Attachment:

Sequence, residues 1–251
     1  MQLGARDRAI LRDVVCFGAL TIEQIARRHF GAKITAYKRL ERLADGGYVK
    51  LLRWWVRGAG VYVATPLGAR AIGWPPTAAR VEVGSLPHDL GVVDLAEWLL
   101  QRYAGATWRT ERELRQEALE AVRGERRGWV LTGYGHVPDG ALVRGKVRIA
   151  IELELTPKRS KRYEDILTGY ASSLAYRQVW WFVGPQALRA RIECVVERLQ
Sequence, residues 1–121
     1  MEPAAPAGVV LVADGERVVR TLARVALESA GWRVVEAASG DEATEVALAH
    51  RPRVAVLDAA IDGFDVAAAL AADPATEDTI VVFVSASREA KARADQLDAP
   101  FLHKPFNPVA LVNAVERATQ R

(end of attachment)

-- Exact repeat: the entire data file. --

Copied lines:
Sequence, residues 1–251
     1  MQLGARDRAI LRDVVCFGAL TIEQIARRHF GAKITAYKRL ERLADGGYVK
    51  LLRWWVRGAG VYVATPLGAR AIGWPPTAAR VEVGSLPHDL GVVDLAEWLL
   101  QRYAGATWRT ERELRQEALE AVRGERRGWV LTGYGHVPDG ALVRGKVRIA
   151  IELELTPKRS KRYEDILTGY ASSLAYRQVW WFVGPQALRA RIECVVERLQ
Sequence, residues 1–121
     1  MEPAAPAGVV LVADGERVVR TLARVALESA GWRVVEAASG DEATEVALAH
    51  RPRVAVLDAA IDGFDVAAAL AADPATEDTI VVFVSASREA KARADQLDAP
   101  FLHKPFNPVA LVNAVERATQ R